Coronavirus Edition 50: Valentine’s Day Movies, DocYard and Brattle Choices and “Minari” Are Coming

0

Film Ahead is a weekly column designed to highlight special events and repertoire programming for the discerning Camberville cinephile.

Three romantic films for Valentine’s Day

As you indulge in the Hallmark vacation with your partner today, here are three very different movies to cuddle with:

“Isn’t that romantic” (2019)

Rebel Wilson stars as an unlikely romantic target of a muscular real estate developer (Liam Hemsworth). Wilson’s bubbly effervescence carries the film, as do the fun and wacky musical dance numbers; Adam Devine, Priyanka Chopra (“The White Tiger”) and Betty Gilpin (“The Hunt”) co-star. Available on demand.

space

‘Ammonite’ (2020)

Jumping on a period piece of staid emotions and taboo relationships, “Ammonite” portrays the slow desire between two women – paleontologist Mary Anning (Kate Winslet) and a depressed bride in her care (Saoirse Ronan). The chemistry between the two protagonists richly denotes held feelings with subtlety and effect, and Gemma Jones is a force as Mary’s cantankerous and disapproving mother. (Read our full review from November 13.) Available on demand.

space

‘Casablanca’ (1942)

And finally, the classic pairing of Bogie and Bergman, “Casablanca” plays as part of the Brattle Theater virtual offers. Here’s who’s watching you.

space

Local and virtual

The DocYard virtually kicks off its 2021 season with “The American Sector,” a humorous roadside documentary that focuses on the slabs of the Berlin Wall that, over the past 30 years, have sort of headed for America. Directors Courtney Stephens and Pacho Velez will attend a live virtual Q&A with DocYard curator Abby Sun at 7 p.m. Monday. For tickets and information, click on here.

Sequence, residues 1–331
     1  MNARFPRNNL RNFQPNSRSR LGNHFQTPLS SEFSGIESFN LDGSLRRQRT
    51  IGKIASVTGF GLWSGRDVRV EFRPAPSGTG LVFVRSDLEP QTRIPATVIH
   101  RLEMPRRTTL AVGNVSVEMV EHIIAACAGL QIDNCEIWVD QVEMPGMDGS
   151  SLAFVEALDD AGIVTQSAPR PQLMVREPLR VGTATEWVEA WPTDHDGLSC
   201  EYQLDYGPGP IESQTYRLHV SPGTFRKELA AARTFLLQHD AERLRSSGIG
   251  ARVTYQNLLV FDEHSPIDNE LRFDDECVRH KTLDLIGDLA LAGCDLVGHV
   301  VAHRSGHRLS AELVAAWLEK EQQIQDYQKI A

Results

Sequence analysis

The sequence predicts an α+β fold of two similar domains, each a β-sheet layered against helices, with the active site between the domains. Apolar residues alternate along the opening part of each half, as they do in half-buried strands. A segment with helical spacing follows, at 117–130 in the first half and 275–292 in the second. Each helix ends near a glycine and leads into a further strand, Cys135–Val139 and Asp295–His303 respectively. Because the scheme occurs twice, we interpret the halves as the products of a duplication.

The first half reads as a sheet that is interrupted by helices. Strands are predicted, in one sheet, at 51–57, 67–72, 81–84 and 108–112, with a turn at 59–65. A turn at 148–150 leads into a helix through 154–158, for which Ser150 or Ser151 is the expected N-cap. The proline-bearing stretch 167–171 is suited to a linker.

New entrances to the Brattle Theater virtual screening room include “Lapse” Noah Hutton’s psychological sci-fi teaser about a lovable schlep (Dean Imperial, very much like James Gandolfini), a daytime delivery driver who takes extra work to lay the cable of a sinister “quantum system” to pay a visit to the clinic for her brother, who suffers from something called omnia – think hi-tech triggered mono. Then there’s a restoration of Tom Noonan’s dark talking movie from 1994, “What happened was …” The film, an adaptation of Noonan’s play, takes place over a leisurely dinner between two socially awkward colleagues played by Noonan, the tall bald actor (think John Malkovich on Xanax, with elevators) best known for his sharp little roles as a serial killer in “Manhunter” (1986) and a member of a heist in “Heat” (1995) and Karen Sillas (“Female Perversions”). The two form a palpable and uncomfortable chemistry that rises and falls over the course of a long meal where each line of dialogue stings with quirk and purpose. I remember being mesmerized by the internalized, ironic texture of the film upon release – it’s a very esoteric cinematic gem to grab hold of, not widely available. Also for the hungry but cautious theater, the Brattle continues to offer screening slots for you and your bubble to rent the house and watch a movie of your choice.

space

In cinema and streaming

‘Minari’ (2020)